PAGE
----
A British lender has moved to appoint a receiver to Blackrock Medical Partners, a company connected to Chicago-based medic Dr Joseph Sheehan Sr which has been involved a dispute between Dr Sheehan Sr and Larry Goodman.
A notice in the official State gazette 'Iris Oifigiuil' says Ken Fennell of Deloitte has been appointed as receiver to Blackrock, at the behest of a company called Glas Trust Corporation Ltd. Glas's parent is Global Loan Agency Services Ltd, a London-based lender trading as Glas.
The notice says that Glas Trust had a charge over Blackrock assets, on foot of a debenture - a type of loan - that it had given to Blackrock.
Blackrock Medical Partners is the entity that holds Dr Sheehan's 25pc stake in the Galway Clinic, where Mr Goodman's Parma Investments is also a shareholder.
Dr Sheehan Sr also holds shares in the Blackrock Clinic, as does Mr Goodman, but Blackrock Medical Partners is not a shareholder in the Dublin clinic.
Documents filed at the Companies Registration Office state that Glas Trust was given the charge in November 2015.
According to the documents, Blackrock's shares in Marpole, the company behind the Galway Clinic, are among the assets that Glas Trust was given a charge over.
A receiver's job is to recover the money owed by a company to a creditor. They may be appointed to a company by a court or by the terms attached to the loan given to a company, and their appointment can also be challenged in court.
In this case, Glas Trust says it's appointing Mr Fennell on foot of the terms of the debenture.
Blackrock Medical Partners has been in a bitter dispute with Mr Goodman's Parma Investments over the Galway clinic.
The dispute relates to a transfer of shares in Marpole Ltd, the entity behind the Galway clinic. The High Court heard that after becoming ill with cancer, businessman Brendan McDonald wished to transfer his shares in Marpole to Mr Goodman's Parma Investments.
Dr Sheehan Sr told the hearing said that a transaction designed to effect the transfer was in violation of a shareholders' agreement.
He claimed that he was an oppressed minority shareholder and that the defendants in the case, including Mr Goodman's Parma Investments, wanted to keep him in the dark about developments. Dr Sheehan Sr also said he had disagreements with fellow shareholders about plans for spending at the clinic.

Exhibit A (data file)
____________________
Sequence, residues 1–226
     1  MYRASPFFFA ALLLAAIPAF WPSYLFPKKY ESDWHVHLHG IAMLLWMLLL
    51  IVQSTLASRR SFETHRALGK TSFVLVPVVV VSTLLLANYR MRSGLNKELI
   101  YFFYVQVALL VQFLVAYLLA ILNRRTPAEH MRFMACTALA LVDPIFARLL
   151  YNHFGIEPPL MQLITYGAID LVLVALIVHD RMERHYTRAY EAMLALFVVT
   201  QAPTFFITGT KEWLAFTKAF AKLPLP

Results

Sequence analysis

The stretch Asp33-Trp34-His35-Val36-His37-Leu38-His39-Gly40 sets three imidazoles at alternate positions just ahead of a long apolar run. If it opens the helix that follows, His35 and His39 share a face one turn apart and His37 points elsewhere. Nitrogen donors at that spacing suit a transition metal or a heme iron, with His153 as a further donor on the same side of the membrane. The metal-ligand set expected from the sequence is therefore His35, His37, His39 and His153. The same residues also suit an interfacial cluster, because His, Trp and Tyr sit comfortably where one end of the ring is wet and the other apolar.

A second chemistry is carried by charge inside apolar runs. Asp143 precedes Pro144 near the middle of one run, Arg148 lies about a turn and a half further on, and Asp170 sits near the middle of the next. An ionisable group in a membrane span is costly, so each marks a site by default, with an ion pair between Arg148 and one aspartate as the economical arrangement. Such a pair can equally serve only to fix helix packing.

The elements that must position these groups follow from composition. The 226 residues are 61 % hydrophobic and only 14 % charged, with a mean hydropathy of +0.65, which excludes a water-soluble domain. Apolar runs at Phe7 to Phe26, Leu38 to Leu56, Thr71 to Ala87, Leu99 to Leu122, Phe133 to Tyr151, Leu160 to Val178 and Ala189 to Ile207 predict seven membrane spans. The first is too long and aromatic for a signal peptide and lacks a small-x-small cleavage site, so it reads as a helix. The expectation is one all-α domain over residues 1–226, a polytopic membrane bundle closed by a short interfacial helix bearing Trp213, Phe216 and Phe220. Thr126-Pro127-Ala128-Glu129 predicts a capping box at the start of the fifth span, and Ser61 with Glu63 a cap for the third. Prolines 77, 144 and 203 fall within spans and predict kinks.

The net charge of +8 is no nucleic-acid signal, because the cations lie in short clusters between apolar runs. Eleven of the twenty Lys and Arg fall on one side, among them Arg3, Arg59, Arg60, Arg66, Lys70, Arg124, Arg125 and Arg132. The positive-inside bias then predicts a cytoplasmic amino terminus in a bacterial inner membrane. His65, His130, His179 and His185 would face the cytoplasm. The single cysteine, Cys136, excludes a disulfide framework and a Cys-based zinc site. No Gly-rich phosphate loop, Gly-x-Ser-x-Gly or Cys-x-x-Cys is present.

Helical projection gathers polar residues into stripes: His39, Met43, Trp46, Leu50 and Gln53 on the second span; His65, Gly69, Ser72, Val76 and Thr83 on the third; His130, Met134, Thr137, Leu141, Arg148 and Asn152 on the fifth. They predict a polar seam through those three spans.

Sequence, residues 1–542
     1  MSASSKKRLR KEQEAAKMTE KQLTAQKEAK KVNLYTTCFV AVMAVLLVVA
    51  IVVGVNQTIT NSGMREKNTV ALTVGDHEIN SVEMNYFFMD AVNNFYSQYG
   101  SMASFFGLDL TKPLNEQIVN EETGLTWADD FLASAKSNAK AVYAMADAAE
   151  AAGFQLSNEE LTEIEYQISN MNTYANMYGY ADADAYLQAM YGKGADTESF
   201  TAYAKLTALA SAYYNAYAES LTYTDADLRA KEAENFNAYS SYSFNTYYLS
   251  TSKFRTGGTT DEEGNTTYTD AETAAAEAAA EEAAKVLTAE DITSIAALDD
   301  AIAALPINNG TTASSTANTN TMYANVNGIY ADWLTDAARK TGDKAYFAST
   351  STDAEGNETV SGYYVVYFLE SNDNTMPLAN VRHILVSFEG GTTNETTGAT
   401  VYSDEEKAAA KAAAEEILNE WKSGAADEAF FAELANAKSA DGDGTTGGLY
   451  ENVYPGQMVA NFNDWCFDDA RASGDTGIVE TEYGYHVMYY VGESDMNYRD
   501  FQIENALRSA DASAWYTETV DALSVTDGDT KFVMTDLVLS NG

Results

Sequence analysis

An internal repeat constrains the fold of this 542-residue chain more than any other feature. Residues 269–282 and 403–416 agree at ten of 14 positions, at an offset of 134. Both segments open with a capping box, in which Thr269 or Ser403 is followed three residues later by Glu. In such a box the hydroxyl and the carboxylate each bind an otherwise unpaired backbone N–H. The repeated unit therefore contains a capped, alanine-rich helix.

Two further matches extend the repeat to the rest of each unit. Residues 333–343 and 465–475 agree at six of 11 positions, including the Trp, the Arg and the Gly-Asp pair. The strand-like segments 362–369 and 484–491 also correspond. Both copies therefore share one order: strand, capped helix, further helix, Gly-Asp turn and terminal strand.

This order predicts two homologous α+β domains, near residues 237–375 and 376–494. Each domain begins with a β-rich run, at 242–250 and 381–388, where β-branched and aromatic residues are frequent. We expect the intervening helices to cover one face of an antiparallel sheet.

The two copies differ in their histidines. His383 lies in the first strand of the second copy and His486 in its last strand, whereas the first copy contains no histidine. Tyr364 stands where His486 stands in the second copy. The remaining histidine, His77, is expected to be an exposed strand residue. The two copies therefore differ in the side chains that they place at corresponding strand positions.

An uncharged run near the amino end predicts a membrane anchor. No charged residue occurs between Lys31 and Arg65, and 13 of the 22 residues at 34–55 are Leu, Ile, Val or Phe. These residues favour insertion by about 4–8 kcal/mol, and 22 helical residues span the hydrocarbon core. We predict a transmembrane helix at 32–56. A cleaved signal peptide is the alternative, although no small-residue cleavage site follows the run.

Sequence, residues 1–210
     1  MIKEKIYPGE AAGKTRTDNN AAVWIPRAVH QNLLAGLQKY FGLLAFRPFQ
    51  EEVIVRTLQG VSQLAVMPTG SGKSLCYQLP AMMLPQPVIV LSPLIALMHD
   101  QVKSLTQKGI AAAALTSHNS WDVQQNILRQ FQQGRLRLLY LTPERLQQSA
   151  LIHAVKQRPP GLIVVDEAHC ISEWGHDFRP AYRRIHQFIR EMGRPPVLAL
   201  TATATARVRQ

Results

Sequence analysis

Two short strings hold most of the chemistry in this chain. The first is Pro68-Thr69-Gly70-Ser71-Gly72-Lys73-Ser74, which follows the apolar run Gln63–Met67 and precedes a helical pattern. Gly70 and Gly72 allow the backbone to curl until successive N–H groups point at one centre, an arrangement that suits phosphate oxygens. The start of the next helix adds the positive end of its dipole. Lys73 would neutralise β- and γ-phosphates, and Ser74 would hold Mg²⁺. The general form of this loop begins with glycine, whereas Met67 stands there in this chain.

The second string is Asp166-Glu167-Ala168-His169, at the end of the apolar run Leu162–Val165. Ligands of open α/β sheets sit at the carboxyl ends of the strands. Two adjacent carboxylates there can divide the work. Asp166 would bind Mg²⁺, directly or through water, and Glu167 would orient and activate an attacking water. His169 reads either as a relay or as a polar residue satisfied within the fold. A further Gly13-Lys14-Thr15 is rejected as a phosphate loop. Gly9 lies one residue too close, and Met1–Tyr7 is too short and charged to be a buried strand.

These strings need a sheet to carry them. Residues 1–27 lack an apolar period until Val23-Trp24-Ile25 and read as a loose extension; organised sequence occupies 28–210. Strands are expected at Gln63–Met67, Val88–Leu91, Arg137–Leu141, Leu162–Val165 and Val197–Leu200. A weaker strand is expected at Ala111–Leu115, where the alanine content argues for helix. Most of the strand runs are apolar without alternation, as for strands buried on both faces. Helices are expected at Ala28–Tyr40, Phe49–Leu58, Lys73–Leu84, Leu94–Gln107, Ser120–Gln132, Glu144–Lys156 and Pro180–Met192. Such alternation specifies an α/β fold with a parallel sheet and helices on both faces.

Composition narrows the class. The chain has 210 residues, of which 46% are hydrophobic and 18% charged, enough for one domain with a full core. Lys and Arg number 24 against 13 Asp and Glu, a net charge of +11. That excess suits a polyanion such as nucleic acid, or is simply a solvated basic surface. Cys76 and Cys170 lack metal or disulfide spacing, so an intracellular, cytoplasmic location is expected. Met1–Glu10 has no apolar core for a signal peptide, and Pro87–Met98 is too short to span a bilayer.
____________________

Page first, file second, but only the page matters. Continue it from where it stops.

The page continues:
Brian O'Moore SC, acting for Parma Investments, told the court that Dr Sheehan's proceedings were motivated by "a long-standing dispute with Mr Goodman and a desire to hamper him".
The extent of the bitterness in the dispute was laid bare when the court heard that a son of Dr Sheehan Sr had insulted the parental status of Mr Goodman's children, who are adopted.
The insulting statement about Mr Goodman's children was made in a email by Dr Joseph Sheehan Jr to Brendan McDonald, the court heard.
Mr O'Moore SC told the court that the email would "turn the stomach". The court heard that the email had also expressed a wish that Mr McDonald would "have an enjoyable remainder to the time you have left".
Dr Sheehan Sr, who has also been in dispute with Mr Goodman over the Blackrock clinic, told the court he would be willing to consent to a second share transfer transaction done by Mr McDonald's BMD Investments and Mr Goodman's Parma Investments. That transaction was carried out after the original, disputed, share transfer transaction.
The parties are awaiting judgment in the case.
Dr Sheehan Sr had come up with the idea for the Galway Clinic, and had commenced the project with his brother Dr James Sheehan, a well-known Dublin-based medic. The brothers had previously worked together on the Blackrock clinic.
The court heard that Mr Goodman, a personal friend of Dr James Sheehan, invested in the Galway project after reading in the newspaper that it had got into financial difficulty.
Dr James Sheehan told the court that relations with his brother had deteriorated and that this had caused him "huge upset".